Fighting iOS7’s Control Center with UIButtons at the bottom of the screen.

Do me a favor and load up the calendar app on iOS7. Now, at the bottom tap “Today”. Did the word “Today” highlight? No? Try it again. And again. Wait, it just worked? Press it again. I bet it didn’t work. It’s completely random, and depends on how quickly you press the button.

The same goes for any button in the bottom 50 or so pixels of the screen. As of iOS 7.0.4, both the back gesture and the one for bringing up the Control Center eat highlighted button states. Not only do we have borderless buttons by default, but only about 10% of the time do they have a highlighted state. This is a fundamental flaw in UX.

In Hum we took cues from the UISlider Control to create nice, tappable buttons. We have an obvious pressed or highlighted state as well. These states are important for UI feedback, if only to confirm that I did indeed press a button. These controls don’t need to be as obvious as we’ve designed for Hum, but it’s important that something happens.

Hum's Buttons

Hum’s Buttons

So if the highlight events are being eaten by the back and control center gestures at an OS level, how am I supposed to give the user feedback that the button was even pressed?

A workaround.

We’ve found a pretty simple workaround for this. Instead of using standard properties like button.highlighted = YES or button.selected = YES that don’t work anyway in that bottom band, we simply fake a highlight by first delaying the final method that’s called on button press. Simply set the background image of the unhighlighted button to the highlighted state with an unperceived delay BEFORE we call the final method. It looks like this:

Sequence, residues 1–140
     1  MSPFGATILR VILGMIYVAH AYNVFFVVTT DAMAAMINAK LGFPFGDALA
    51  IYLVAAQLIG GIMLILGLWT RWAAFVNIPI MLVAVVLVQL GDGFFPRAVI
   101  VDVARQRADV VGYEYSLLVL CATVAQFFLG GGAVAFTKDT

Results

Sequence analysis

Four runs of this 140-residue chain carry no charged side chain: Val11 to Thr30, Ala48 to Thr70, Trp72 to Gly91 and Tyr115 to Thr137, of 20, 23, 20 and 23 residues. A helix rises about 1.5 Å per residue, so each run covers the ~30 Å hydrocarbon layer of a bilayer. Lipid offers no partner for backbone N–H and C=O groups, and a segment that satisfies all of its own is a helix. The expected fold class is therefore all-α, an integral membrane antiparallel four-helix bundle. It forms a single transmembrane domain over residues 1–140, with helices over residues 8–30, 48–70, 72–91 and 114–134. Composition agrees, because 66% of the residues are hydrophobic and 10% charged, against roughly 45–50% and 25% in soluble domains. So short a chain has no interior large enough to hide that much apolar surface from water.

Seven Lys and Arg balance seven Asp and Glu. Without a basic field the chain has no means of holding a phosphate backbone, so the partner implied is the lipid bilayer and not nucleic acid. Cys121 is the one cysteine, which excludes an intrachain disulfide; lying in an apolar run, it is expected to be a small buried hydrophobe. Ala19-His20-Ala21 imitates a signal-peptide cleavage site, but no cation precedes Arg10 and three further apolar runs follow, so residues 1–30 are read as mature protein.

[self.stopRecordingButton setImage:[UIImage imageNamed:@"stopRecordingButton"] forState:UIControlStateNormal];
[self.stopRecordingButton setImage:[UIImage imageNamed:@"stopRecordingButton-highlighted"] forState:UIControlStateHighlighted];
[self.stopRecordingButton addTarget:self action:@selector(stopRecordingDelay) forControlEvents:UIControlEventTouchUpInside];

    [self.stopRecordingButton setImage:[UIImage imageNamed:@"stopRecordingButton-highlighted"] forState:UIControlStateNormal];

    [self performSelector:@selector(stopRecording) withObject:nil afterDelay:0.025f];

- (void)stopRecording
    [self.stopRecordingButton setImage:[UIImage imageNamed:@"stopRecordingButton"] forState:UIControlStateNormal];

    //Do real stuff

When creating our buttons we set two images for the button, one for normal, the other for highlighted. Pay attention to the image names.

We then tell the button to call an intermediary method that sets the unhighlighted button’s background to the highlighted state, faking the standard highlighting interaction that doesn’t work in that 50px space at the bottom of the screen. After a tiny, unperceived delay of .025 seconds we then call our real method and reset our button, if needed, to the original, unhighlighted state.

Now, regardless of how quickly the user taps the buttons within that bottom band they’ll receive the feedback that their button was pressed.

Not the worst hack on the planet, I hope.